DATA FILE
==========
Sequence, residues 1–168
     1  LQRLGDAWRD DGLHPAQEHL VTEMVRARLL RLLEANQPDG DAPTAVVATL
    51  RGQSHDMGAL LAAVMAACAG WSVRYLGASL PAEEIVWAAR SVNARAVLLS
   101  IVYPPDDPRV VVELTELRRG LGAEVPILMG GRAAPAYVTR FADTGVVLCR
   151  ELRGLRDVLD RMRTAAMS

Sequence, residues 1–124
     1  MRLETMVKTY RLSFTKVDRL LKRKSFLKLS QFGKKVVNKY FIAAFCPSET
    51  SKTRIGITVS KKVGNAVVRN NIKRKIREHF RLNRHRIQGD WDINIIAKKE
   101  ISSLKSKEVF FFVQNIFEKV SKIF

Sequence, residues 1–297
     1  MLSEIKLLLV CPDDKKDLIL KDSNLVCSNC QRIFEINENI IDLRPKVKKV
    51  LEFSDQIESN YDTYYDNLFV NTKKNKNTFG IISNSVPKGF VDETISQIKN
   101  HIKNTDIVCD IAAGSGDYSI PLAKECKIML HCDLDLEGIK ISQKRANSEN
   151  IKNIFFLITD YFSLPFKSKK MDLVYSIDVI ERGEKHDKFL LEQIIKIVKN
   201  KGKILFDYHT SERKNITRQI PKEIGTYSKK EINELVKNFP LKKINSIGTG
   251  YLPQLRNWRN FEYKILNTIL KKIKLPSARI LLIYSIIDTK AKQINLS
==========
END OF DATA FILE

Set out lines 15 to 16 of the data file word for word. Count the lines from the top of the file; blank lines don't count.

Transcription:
   201  KGKILFDYHT SERKNITRQI PKEIGTYSKK EINELVKNFP LKKINSIGTG
   251  YLPQLRNWRN FEYKILNTIL KKIKLPSARI LLIYSIIDTK AKQINLS